Remote working doesn’t work for all and leaves some staff feeling isolated and abandoned. Employers need to give greater attention to creating more social connection and investments in employee wellness such as incorporating more health benefits, flexible policies to support mental health such as counselling and stress management workshops, and creating a culture that promotes connectivity and belonging.

“Leaders now need to be focused on building trust and enhancing employee engagement”

Technology integration and automation

In 2023, the talk was all about artificialintelligence (AI) taking over, withscare stories about how the technology would replace people and take jobs. In 2024, firms might be more invested in incorporating AI, machine learning and automation to streamline processes, boost efficiency and enable their employees to focus on more creative and strategic tasks. 

According to Julian Birkinshaw at London Business School: “Generative AI is a cool productivity-enhancer and will have a profound long-term impact on how we access and process information. But it won’t be as disruptive as the internet or smartphone and for most companies will be a ‘sustaining innovation’, reinforcing rather than undermining their competitive position.”  

From my perspective, many construction companies have been slow to embrace technological innovations – building information modelling (BIM) immediately springs to mind. The more enlightened businesses out there will see AI as an opportunity to improve productivity and help generate a competitive advantage over their less innovative and more risk-averse competitors.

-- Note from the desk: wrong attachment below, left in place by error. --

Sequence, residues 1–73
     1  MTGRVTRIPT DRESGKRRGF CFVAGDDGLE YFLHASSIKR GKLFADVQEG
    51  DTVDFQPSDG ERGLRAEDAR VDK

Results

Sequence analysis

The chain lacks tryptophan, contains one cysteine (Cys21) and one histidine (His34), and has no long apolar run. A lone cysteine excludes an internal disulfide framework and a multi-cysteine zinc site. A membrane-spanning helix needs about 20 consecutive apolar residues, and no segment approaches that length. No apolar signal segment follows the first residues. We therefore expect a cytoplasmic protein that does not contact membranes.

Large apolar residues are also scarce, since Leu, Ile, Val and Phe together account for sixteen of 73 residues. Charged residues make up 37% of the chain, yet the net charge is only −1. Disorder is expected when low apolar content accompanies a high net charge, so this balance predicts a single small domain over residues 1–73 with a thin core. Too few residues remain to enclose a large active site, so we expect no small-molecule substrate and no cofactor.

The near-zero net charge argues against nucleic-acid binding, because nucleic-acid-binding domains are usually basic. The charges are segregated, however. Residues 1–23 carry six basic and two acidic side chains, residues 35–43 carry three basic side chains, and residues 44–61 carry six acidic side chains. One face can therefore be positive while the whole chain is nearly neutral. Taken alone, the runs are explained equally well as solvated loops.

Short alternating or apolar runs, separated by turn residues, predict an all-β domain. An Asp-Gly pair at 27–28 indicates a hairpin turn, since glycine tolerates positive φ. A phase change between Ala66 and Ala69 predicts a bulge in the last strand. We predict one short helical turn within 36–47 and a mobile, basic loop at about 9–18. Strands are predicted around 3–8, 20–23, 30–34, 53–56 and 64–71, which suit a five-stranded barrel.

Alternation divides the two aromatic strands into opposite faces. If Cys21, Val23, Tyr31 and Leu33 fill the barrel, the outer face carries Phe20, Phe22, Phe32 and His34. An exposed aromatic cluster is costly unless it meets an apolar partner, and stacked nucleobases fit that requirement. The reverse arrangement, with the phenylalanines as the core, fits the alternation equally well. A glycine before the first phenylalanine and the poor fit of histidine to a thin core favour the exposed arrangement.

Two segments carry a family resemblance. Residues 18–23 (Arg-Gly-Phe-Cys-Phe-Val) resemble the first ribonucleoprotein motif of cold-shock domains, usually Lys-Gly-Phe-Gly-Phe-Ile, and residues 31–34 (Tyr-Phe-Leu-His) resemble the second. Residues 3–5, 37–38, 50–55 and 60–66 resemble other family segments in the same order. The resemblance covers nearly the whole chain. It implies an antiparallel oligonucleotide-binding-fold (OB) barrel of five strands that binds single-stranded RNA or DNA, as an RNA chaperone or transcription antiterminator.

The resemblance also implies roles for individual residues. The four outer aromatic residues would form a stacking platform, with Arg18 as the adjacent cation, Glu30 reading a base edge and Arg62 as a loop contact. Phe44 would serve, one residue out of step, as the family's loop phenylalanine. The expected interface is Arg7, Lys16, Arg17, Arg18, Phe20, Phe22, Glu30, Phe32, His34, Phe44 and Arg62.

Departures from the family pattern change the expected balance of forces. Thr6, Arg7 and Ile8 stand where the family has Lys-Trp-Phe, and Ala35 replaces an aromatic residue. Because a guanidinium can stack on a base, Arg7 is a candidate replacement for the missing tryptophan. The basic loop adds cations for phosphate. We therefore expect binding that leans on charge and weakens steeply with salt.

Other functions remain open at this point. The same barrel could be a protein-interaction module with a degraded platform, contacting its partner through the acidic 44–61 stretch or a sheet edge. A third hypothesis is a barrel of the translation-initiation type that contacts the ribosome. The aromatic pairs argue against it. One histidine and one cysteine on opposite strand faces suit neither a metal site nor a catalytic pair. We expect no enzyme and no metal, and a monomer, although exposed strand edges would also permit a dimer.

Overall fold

“2024 will undoubtedly be another challenging year but there are significant opportunities out there”

Using AI can help businesses make work practices more efficient. © Iryna Imago/ Shutterstock

Increased focus on sustainability

Sustainability was high on the corporate agenda in 2023, with investment in renewable energy exceeding the amount spent on carbon-based energy for the first time ever. And a powerful combination of consumer and social pressure has now heaped more pressure on governments to increase regulation and reporting standards. 

This could be the year for businesses to acknowledge the urgent need to adapt to environmental challenges, either because they face the financial cost of addressing environmental risks themselves or because current and future regulation will significantly impact their business.

This increased focus on sustainability will undoubtedly create opportunities. In the UK, research suggests that more than 80% of our current building stock will still exist in 2050, which offers a huge opportunity for retrofitting to ensure we meet net zero commitments.